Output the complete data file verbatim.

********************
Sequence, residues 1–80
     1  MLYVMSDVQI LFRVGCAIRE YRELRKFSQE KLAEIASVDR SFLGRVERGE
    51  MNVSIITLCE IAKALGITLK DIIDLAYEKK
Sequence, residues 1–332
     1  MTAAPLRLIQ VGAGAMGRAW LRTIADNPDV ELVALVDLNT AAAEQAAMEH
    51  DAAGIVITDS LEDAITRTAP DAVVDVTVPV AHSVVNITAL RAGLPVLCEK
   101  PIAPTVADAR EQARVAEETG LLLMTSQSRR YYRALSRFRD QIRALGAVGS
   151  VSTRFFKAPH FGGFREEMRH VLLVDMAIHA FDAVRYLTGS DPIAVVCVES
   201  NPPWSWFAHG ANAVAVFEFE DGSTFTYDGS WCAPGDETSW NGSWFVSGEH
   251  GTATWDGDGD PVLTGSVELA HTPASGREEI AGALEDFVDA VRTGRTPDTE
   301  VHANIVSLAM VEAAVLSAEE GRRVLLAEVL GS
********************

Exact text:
Sequence, residues 1–80
     1  MLYVMSDVQI LFRVGCAIRE YRELRKFSQE KLAEIASVDR SFLGRVERGE
    51  MNVSIITLCE IAKALGITLK DIIDLAYEKK
Sequence, residues 1–332
     1  MTAAPLRLIQ VGAGAMGRAW LRTIADNPDV ELVALVDLNT AAAEQAAMEH
    51  DAAGIVITDS LEDAITRTAP DAVVDVTVPV AHSVVNITAL RAGLPVLCEK
   101  PIAPTVADAR EQARVAEETG LLLMTSQSRR YYRALSRFRD QIRALGAVGS
   151  VSTRFFKAPH FGGFREEMRH VLLVDMAIHA FDAVRYLTGS DPIAVVCVES
   201  NPPWSWFAHG ANAVAVFEFE DGSTFTYDGS WCAPGDETSW NGSWFVSGEH
   251  GTATWDGDGD PVLTGSVELA HTPASGREEI AGALEDFVDA VRTGRTPDTE
   301  VHANIVSLAM VEAAVLSAEE GRRVLLAEVL GS